DETROIT – Humans aren’t well designed as energy-absorbing systems, which is why vehicle airbags are so important in crashes.

So says Robert C. Lange, executive director-vehicle structure and safety integration at General Motors Corp., at a safety seminar during the 2007 Ward’s Auto Interiors Show here.

He and other experts discuss the latest in safety technology, particularly curtain airbags designed to offer protection in rollover accidents.

Curtain airbags are different from other airbags in that they detonate as a vehicle starts to roll rather than hitting another object.

And unlike front and side airbags that inflate and deflate instantly, curtain airbags remain inflated to protect vehicle occupants during a multiple rollover that can last several seconds.

Rollovers are uncommon but deadly. They account for about 10% of all crashes, yet 30% of road fatalities, says Rob Block, vice president-global airbag development for Key Safety Systems Inc.

“Everyone has been focused on frontal (airbag protection), but there is a new area of interest in rollovers and side-impact collisions,” says Jeff Aird, engineering director-occupant safety systems at TRW Automotive. “If you look at the statistics, we can do a lot.”

The main cause of death and injury in rollover accidents is when occupants – often not wearing seatbelts – are fully or partially ejected from a vehicle as it tosses and turns – sometimes over and over, Aird says.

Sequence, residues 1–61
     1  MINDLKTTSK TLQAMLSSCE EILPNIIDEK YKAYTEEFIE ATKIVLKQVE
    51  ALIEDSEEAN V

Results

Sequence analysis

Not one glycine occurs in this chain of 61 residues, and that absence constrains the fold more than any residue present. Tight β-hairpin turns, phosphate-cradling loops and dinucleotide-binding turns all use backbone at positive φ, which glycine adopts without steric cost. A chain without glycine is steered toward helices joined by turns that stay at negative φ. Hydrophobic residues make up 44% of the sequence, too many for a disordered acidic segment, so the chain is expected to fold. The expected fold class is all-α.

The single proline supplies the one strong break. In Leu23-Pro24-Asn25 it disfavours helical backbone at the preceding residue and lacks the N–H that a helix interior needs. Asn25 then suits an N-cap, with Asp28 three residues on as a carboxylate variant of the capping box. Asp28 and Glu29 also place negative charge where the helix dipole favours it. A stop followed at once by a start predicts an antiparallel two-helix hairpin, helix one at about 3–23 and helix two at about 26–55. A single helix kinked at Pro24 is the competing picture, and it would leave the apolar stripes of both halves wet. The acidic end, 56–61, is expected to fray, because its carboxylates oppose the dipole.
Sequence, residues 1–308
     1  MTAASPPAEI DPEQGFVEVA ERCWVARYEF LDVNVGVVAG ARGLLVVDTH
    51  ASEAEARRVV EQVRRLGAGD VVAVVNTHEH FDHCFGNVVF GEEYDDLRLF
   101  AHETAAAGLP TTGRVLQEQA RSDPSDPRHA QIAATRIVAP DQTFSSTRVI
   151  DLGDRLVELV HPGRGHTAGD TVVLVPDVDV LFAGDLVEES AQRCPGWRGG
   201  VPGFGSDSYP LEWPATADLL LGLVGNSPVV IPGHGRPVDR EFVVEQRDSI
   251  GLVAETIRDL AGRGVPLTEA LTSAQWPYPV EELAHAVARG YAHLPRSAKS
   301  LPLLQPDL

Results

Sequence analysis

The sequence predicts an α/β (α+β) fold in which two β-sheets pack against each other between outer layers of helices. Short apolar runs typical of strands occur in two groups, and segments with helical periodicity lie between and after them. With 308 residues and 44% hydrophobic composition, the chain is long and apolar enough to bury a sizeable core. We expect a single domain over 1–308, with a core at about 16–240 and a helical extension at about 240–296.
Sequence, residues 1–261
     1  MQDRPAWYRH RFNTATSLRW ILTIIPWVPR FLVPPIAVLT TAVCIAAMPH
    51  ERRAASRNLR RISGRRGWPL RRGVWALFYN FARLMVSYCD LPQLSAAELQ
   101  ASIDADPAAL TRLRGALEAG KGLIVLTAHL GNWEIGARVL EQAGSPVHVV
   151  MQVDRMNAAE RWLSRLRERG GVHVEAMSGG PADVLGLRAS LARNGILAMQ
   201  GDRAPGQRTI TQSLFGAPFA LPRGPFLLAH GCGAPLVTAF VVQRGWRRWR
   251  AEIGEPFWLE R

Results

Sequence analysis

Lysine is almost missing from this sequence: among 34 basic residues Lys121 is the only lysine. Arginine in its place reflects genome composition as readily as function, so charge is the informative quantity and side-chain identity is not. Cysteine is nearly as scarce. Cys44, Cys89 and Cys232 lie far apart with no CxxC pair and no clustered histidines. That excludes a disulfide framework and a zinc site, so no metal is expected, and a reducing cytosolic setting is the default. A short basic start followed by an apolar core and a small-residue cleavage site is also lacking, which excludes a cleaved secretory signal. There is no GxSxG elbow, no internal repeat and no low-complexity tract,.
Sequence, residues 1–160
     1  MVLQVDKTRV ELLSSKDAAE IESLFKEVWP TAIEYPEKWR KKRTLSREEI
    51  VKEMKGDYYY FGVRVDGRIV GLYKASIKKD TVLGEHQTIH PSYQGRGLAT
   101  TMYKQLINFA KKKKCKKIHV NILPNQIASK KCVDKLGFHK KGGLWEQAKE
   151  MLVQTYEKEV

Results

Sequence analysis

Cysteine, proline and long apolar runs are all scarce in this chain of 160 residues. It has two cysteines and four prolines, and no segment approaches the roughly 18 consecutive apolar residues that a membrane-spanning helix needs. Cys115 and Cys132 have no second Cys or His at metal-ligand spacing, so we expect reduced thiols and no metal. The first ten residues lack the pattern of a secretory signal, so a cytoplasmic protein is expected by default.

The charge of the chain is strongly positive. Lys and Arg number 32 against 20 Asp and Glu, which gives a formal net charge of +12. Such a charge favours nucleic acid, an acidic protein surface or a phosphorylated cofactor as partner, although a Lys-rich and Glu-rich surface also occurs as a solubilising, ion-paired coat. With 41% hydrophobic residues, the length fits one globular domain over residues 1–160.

Primary rollover injuries usually are to the upper body, Block says. “Field data suggest safety systems focus on protecting the head and chest.”

Because of their high centers of gravity, SUVs are particularly vulnerable to rollovers.

Sixty percent of all SUV crash deaths involve rollover accidents, Aird says. Rollover and side-impact collisions account for about 20,000 fatalities a year in the U.S.

“Airbags can save a lot of those lives,” Aird says.

Rollover crash-testing is relatively new. “We have more work to do to engineer for rollovers,” says Lange, who helped design GM’s state-of-the-art rollover crash facility that opened last year in Milford, MI.

He says among challenges is testing and designing safety systems for the different types of rollovers. Those include flip-overs, fall-overs, turn-overs, climb-overs, end-to-ends and striking another vehicle.

“There is no one rollover test that will serve as a surrogate,” says Lange. “We’ll need to engineer for all of them.”

Block, whose firm administers crash tests, says many auto makers now are asking for “corkscrew” tests, in which a vehicle is launched, rotates in the air and lands on its roof.

Much of today’s rollover safety research is self regulated and evolving, Aird says .

Block says sensor research continues on the best time for curtain airbags to be deployed in a rollover.

Lange says: “We need to better understand the opportunities for energy dissipation in a rollover event.”